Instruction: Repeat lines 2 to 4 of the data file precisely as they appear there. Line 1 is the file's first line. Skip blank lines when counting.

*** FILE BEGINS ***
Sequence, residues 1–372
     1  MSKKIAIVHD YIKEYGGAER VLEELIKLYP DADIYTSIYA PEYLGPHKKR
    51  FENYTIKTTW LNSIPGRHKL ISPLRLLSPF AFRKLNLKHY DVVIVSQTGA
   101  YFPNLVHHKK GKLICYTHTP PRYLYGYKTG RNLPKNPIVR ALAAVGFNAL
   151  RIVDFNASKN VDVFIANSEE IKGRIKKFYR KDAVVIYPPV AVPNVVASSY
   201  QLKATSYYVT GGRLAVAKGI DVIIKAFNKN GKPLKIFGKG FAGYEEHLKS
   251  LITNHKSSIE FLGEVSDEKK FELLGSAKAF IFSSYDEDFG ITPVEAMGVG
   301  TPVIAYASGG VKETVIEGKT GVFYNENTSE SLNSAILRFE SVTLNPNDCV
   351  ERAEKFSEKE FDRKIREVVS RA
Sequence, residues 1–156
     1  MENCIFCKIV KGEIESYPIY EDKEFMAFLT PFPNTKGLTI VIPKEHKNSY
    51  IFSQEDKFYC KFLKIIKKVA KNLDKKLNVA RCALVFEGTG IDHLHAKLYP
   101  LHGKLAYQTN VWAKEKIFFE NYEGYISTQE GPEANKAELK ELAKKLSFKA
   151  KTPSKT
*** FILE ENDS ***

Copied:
     1  MSKKIAIVHD YIKEYGGAER VLEELIKLYP DADIYTSIYA PEYLGPHKKR
    51  FENYTIKTTW LNSIPGRHKL ISPLRLLSPF AFRKLNLKHY DVVIVSQTGA
   101  YFPNLVHHKK GKLICYTHTP PRYLYGYKTG RNLPKNPIVR ALAAVGFNAL